It saddens me how often writing around birth fails to look at the economic and political context in which we work. Yet that context so often determines what we see and write about. It influences the ideas that underpin research, books and comments on social media platforms.
I used to think there was some sort of ban on the word 'capitalism' in writing around birth, yet the longer, if woollier word 'neoliberalism' has entered our narrative. Now I don’t think we suffer from aversion to the C word, just a lack of curiosity as to how things got to be as they are.
Capitalism is our context, it forms the lens through which we see and much of our language. We don’t see the economic system that surrounds us and shapes our lives and interactions, just as fish don’t see the water in which they swim.
Within capitalism, economic growth and profit are key. Commodities must therefore be developed and sold. This applies to services as well as ever expanding technology which is developed, marketed and advertised. So, within our economic system, the answer to a problem is either individual effort (workers should work harder, usually expressed as “midwives should …”) or a product to be purchased.
There is a great deal of 'midwives should' writing and it is added to daily in books, articles and theses. Yet midwives are required to do so much that they are breaking, they cannot do much more. Calls for kindness, compassion, resilience and other virtues are addressed to midwives. Yet those midwives do not receive kindness and compassion and have scarcely time to smile and welcome each new client with whom they have fleeting, timed and closely programmed contact.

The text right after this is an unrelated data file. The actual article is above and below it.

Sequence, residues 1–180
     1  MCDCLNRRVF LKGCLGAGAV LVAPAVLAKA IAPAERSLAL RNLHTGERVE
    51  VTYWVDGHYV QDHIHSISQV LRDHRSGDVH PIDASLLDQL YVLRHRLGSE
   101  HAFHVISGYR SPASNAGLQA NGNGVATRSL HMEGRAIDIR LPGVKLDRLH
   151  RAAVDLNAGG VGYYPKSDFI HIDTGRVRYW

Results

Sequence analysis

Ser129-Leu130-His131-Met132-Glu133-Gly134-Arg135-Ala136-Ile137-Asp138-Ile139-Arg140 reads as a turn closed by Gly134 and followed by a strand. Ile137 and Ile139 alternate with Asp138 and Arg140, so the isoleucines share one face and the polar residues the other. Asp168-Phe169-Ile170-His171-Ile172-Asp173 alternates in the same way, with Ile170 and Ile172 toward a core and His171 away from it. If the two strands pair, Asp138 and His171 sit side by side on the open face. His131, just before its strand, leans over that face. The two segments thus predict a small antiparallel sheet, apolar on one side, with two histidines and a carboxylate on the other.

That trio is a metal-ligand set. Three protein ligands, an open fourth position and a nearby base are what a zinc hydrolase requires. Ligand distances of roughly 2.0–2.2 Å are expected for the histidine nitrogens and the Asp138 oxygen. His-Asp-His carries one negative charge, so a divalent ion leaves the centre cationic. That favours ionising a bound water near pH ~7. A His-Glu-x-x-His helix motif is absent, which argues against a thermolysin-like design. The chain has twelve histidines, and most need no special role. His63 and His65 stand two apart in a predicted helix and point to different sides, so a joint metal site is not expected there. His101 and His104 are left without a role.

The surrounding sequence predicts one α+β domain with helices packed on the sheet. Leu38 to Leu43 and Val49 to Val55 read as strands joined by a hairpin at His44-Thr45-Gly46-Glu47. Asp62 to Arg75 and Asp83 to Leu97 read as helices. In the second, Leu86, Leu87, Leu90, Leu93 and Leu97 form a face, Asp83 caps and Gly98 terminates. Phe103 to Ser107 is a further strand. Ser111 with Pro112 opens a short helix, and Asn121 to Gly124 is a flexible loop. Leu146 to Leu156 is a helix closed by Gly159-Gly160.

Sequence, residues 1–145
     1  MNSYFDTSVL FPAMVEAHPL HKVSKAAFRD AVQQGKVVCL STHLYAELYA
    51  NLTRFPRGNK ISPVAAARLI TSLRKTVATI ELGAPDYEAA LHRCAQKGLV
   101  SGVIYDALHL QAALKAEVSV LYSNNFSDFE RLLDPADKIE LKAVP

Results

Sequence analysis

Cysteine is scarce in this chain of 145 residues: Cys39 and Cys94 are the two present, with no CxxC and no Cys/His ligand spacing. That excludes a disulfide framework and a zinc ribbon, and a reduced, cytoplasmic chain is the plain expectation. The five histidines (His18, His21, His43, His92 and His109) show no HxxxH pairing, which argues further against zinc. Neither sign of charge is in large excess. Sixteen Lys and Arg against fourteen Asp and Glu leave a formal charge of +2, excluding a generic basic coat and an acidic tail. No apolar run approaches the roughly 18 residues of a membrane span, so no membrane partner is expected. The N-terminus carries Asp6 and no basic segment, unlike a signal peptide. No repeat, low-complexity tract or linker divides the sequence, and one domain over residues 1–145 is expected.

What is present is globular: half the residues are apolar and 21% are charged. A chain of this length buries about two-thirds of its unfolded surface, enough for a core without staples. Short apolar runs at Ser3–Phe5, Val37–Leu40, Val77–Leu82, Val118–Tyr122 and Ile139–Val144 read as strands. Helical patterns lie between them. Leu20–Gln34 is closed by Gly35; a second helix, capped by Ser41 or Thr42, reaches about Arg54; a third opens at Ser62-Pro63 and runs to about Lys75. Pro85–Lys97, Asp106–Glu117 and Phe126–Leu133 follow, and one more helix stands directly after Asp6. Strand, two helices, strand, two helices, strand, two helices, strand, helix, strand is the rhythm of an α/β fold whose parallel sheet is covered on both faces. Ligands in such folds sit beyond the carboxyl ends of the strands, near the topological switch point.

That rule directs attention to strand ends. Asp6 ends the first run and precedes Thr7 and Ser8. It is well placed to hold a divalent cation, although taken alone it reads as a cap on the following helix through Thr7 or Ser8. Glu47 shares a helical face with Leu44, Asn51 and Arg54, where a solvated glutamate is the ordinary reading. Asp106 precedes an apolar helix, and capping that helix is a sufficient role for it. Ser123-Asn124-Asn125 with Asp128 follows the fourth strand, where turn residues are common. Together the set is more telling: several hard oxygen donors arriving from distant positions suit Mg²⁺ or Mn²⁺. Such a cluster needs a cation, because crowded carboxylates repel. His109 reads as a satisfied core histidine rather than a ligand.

Then there are products. There is always something more which should be used: a new computer programme, new screening tool, new means of monitoring, even new management system. Such things are costly, rarely evaluated and usually mean more work for midwives. Then there are the apps and monitoring systems that are marketed directly to women with no acknowledgement that their safety has not been properly evaluated, or that they carry the risk of increasing anxiety and intervention. All these things need discussing within the midwife-mother relationship, yet there is no time or acknowledgement of the need for such discussion.
I am not against kindness or compassion, nor am I against technology and new inventions where they truly help families or midwives. I am against exploitation and midwives are increasingly being exploited.
Midwifery is rooted in values which are very different from those which underpin our present economic system: relationships, care, generosity, support, and the building of confidence and trust (Kirkham 2017). We know these work. We are surrounded by a system which values cost saving (i.e. meanness especially in staffing), fragmented services, trust in things rather than people and is perpetuated through fear. Thus midwives are forced into 'checking not listening' (Kirkham et al 2002). Midwifery values are basic human values and are shared by many other groups who are equally frustrated by our present dominant economic values. Once we are aware of the economic and political context within which we work, we can build alliances with those who share our values. Together we could have the strength to bring about change.
Kirkham M (2017) A Fundamental Contradiction: the business model does not fit midwifery values. Midwifery Matters 152, 13-15.
Kirkham M, Stapleton H, Thomas G and Curtis P (2002) ‘Checking not listening: how midwives cope.’ British Journal of Midwifery 10, 7: 447-450
My thanks to Sara Wickham and Anna Fielder for comments on an early draft of this blog